Old Andrean Southern Kings reminisce about their roots
In many ways, Southern Kings team-mates Tyler Paul and Ross Geldenhuys are polar opposites.
The former is an academyproduced utility forward - comfortable at lock and flanker - who is just making his Super Rugby breakthrough. The latter, meanwhile, is a prop nearing his 34th birthday with a Super Rugby title to his name already.
In our interviews, Paul seemed relatively reserved, while Geldenhuys appeared totally at ease.
However, the two share more than just the shirt they wear on Super Rugby weekends. Both are Old Andreans from Upper House. Geldenhuys matriculated in 2002, while Paul finished in 2013 - but there were striking similarities in the two players’ accounts of their respective spells at the school.
Paul credited St Andrew’s for having instilled humility in him, while Geldenhuys re- called how the grade-based hierarchy among pupils taught him discipline.
Unsurprisingly, the fondest memories for both of them were made on the sporting field.
For Paul, the rugby and cricket games he played stood out. Geldenhuys, meanwhile, recalled singing before rugby matches.
Paul made his Super Rugby debut for the Kings against the Jaguars in February, coming off the bench in a 39-26 defeat.
Asked about the experience, the humility he said he had learned at St Andrew’s began to show.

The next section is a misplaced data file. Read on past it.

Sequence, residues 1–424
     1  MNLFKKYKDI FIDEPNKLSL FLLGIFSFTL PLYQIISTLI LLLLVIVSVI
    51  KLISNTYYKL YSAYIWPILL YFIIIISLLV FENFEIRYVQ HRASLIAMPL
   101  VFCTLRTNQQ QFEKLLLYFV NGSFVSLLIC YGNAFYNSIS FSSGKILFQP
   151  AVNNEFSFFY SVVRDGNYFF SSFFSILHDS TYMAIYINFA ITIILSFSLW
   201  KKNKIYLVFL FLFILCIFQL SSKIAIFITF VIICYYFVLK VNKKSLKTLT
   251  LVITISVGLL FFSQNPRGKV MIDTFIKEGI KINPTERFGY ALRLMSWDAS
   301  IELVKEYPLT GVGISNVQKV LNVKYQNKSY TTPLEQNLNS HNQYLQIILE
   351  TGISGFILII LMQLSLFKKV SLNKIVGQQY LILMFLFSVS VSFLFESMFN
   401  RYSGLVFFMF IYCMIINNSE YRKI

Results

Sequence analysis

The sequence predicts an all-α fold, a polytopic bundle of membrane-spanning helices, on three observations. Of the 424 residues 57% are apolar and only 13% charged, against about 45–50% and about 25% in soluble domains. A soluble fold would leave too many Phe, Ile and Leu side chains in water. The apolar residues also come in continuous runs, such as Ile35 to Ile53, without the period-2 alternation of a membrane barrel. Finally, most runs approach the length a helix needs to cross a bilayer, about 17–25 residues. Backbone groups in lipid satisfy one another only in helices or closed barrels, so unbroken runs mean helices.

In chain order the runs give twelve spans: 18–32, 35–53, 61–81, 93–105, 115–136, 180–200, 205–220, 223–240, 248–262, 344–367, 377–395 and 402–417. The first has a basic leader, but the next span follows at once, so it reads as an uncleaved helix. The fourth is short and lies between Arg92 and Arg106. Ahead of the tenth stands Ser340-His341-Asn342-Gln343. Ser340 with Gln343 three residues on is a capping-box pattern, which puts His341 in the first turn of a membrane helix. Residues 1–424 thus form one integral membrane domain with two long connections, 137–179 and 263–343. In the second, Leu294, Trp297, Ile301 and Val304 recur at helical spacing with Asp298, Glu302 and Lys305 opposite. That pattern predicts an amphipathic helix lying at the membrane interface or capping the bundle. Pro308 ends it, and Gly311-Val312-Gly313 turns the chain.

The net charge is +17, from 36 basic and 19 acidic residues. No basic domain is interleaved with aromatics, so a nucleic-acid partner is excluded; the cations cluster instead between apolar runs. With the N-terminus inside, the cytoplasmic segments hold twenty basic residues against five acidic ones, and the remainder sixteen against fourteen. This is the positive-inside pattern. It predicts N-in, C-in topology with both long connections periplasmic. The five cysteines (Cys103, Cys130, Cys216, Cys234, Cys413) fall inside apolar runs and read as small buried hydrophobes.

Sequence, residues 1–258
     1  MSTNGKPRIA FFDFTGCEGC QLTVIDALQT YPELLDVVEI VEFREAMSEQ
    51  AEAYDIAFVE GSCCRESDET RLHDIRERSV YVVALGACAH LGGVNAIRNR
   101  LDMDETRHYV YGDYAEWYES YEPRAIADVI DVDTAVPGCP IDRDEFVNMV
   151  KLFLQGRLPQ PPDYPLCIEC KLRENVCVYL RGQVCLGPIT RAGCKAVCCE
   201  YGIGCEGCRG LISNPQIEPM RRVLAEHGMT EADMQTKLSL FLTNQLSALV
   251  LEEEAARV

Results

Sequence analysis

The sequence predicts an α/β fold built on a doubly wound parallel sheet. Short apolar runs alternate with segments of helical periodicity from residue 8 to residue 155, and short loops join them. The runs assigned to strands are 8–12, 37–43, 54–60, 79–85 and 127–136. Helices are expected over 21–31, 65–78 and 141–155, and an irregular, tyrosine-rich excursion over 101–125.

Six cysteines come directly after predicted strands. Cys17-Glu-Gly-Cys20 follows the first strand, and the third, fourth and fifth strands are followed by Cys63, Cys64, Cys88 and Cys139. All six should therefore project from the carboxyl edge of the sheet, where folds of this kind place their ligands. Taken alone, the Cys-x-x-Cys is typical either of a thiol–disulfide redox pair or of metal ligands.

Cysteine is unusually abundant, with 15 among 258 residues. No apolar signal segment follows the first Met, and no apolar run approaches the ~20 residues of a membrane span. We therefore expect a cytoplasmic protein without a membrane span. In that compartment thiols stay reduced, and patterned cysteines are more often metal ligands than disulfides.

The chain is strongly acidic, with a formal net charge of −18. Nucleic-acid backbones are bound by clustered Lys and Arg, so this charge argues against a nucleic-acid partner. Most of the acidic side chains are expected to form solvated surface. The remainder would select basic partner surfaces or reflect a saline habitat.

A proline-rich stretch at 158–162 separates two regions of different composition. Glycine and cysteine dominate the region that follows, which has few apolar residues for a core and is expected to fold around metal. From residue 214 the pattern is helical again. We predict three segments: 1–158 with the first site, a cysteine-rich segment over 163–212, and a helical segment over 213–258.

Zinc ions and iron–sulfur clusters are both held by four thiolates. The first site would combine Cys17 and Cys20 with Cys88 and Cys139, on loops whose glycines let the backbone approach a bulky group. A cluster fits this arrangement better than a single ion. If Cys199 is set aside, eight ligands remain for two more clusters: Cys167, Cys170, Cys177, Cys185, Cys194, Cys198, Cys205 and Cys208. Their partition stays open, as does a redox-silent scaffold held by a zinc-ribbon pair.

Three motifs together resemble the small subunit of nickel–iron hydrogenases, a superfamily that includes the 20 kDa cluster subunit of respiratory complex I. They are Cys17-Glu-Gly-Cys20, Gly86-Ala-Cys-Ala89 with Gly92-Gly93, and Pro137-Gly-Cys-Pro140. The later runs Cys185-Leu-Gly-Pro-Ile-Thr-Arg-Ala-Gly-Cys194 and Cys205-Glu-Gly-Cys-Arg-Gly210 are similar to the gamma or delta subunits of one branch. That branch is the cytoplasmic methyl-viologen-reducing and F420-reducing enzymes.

“I came off the bench, so I didn’t get straight into it, but once I did, it was good fun,” he said.
At 22, Paul looks set for a lot more fun in his career. Like many young South African Super Rugby players, he dreams of playing for the Springboks. However, for now, he is taking each game as it comes.
By contrast, Geldenhuys is a far more seasoned campaigner and the Kings are by no means the most prestigious team that he has played for.
However, despite his age, he relishes conquering the unknown. Two years after his Super Rugby title with the Highlanders, his environment could hardly be more different. If a move from a recent titlewinning side to Southern Kings might have seemed unattractive to some players, Geldenhuys was certainly not one of them.
“I wanted a challenge and I fight for a dream. I want to play at the highest level. I just want to play rugby. I love the sport, and here at the Kings, I’m fortunate enough to play,” he said.
For St Andrew’s youngsters looking to emulate Geldenhuys and Paul and turn professional, Geldenhuys had some sound advice: “When there’s a small light at the end of the tunnel, just chase it, and put everything you’ve got into that dream.”